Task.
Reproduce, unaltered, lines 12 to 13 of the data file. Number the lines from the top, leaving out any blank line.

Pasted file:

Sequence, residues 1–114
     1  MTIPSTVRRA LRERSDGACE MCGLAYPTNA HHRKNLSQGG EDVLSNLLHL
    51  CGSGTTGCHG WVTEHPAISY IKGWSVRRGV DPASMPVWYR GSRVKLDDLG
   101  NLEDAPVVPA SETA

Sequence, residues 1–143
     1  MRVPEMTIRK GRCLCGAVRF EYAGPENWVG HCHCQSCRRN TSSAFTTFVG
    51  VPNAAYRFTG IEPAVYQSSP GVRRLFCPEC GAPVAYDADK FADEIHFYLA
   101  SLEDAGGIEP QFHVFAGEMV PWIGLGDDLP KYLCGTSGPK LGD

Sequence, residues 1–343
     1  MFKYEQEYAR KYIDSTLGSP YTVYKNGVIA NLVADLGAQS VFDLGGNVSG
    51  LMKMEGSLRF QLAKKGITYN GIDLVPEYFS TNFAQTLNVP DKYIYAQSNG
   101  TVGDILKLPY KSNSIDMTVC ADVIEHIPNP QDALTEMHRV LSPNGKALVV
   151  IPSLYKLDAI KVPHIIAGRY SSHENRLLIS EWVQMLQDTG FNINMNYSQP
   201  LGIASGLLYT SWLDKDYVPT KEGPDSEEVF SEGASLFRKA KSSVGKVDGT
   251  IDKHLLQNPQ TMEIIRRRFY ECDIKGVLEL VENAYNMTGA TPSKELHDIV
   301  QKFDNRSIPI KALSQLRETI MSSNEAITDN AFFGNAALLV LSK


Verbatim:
   101  TVGDILKLPY KSNSIDMTVC ADVIEHIPNP QDALTEMHRV LSPNGKALVV
   151  IPSLYKLDAI KVPHIIAGRY SSHENRLLIS EWVQMLQDTG FNINMNYSQP